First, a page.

I’d rather not admit this out loud (I might ruin my perfect reputation — ha!), but I’ve spent the last 6+ months feeling very scattered.
While I thrive on keeping multiple balls in the air at once, I felt like my balls were all rolling around on the floor instead of gliding gracefully through the air, and I just couldn’t seem to get on top of anything, let alone everything. And when the first trimester morning sickness and exhaustion hit…well, then they all started to roll downhill, with me chasing frantically after them.
I’ve actually dealt with something similar several times — a kind of chronic exhaustion and fatigue that left me unable to focus — but I had learned to address those physical symptoms with vitamin D supplements and apple cider vinegar water, and this time it just felt like I’d lost my ability to manage my time and get things done.
Thankfully, my morning sickness and exhaustion began to fade just in time for our trip to Florida at the beginning of May, and even in the midst of family fun, relaxation and Disney, I was anxious to get home and get back to work, which felt good after a few months of dreading my work responsibilities.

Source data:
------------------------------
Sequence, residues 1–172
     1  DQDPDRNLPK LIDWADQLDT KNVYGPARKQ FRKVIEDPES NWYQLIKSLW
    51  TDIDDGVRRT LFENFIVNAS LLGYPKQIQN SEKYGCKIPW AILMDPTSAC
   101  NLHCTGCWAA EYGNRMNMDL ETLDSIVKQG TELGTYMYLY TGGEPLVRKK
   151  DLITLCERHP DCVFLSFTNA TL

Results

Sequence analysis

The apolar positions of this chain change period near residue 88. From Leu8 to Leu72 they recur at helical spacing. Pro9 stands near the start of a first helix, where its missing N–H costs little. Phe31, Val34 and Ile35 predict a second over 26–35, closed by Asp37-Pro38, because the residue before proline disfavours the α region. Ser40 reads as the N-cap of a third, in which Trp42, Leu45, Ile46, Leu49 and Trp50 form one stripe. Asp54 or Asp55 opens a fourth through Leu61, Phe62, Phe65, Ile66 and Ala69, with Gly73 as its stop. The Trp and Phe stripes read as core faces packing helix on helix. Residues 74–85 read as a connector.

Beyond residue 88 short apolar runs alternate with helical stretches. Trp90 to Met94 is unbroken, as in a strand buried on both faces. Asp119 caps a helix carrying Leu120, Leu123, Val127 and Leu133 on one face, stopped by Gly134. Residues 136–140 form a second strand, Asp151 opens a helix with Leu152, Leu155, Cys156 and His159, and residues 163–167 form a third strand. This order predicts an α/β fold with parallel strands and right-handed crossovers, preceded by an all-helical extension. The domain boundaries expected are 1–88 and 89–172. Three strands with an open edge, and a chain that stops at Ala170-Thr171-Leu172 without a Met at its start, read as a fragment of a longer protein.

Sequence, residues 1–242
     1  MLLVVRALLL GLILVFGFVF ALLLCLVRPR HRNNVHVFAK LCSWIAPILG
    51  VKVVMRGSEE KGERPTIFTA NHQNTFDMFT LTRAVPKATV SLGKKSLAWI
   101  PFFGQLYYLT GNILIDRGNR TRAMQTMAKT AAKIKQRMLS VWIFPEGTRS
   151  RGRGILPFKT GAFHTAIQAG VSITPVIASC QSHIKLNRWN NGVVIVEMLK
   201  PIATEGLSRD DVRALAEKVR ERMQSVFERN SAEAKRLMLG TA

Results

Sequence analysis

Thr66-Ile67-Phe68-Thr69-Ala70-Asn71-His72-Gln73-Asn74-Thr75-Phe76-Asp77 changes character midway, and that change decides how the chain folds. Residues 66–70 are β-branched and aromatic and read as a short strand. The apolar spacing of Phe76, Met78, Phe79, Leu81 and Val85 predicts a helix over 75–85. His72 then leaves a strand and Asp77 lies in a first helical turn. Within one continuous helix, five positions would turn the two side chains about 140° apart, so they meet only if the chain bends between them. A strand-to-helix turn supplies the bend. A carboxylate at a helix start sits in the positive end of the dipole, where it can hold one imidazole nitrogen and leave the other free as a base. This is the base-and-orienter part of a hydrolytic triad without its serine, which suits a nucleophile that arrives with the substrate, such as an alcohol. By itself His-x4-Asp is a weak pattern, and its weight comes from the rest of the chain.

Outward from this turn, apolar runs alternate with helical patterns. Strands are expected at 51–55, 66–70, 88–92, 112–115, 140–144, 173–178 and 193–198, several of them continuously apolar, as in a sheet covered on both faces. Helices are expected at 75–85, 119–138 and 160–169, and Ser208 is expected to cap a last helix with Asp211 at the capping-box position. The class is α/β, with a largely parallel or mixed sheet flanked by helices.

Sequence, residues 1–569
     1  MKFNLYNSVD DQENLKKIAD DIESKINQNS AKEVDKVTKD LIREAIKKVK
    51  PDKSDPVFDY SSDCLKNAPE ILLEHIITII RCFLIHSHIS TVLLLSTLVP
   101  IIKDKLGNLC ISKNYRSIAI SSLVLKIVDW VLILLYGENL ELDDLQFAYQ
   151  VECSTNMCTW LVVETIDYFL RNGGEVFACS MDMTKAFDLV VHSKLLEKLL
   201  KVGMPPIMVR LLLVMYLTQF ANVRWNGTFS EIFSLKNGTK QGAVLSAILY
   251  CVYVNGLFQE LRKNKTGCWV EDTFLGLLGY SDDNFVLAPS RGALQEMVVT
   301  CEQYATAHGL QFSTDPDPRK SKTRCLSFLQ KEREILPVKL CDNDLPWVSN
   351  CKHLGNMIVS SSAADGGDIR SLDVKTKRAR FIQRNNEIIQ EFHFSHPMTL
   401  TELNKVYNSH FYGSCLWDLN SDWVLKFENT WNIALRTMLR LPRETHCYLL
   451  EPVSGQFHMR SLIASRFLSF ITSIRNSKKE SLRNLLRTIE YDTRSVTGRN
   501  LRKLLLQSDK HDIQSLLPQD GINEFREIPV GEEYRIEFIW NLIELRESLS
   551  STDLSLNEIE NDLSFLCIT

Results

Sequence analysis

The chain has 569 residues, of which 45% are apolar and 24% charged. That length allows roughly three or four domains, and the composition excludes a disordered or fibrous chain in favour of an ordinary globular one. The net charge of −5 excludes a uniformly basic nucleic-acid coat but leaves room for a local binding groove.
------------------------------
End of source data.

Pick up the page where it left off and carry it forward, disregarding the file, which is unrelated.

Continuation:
When we got back, I mentioned to some friends that I needed to move back to a handwritten to-do list because using various apps and documents just wasn’t working, and the resounding response was, “YES! I need to do this too!”
Within hours of making that commitment (but before I’d actually taken the time to get off my tush and go find my notebook and write my list!), I came across this quote by H. Jackson Brown, Jr., which perfectly sums up everything I had been feeling:
Talent without discipline
is like an octopus on roller skates.
There’s plenty of movement,
but you never know if it’s going to be
forward, backwards, or sideways.
I can’t even describe the epiphany I had when I read those words. Despite the somewhat hilarious word picture they paint, I felt as if it had been written while watching me flail around for the past 6 months!
So I got out my notebook and did a huge brain dump, and then I began making to-do lists. Long-term to-do lists, monthly to-do lists (focusing on just one major project at a time), realistic weekly to-do lists and daily to-do lists to keep me on track. (The key for me, in addition to actually making the lists, is to keep my notebook open next to me so that there’s no ignoring it!)
It’s been about five weeks since I rediscovered my handy notebook, and I can honestly say it’s made a difference. I’m getting things done, checking off projects and feeling more productive in general. And that is a good feeling!
Do you have octopi-like tendencies? Does keeping a written to-do list help you stay on track?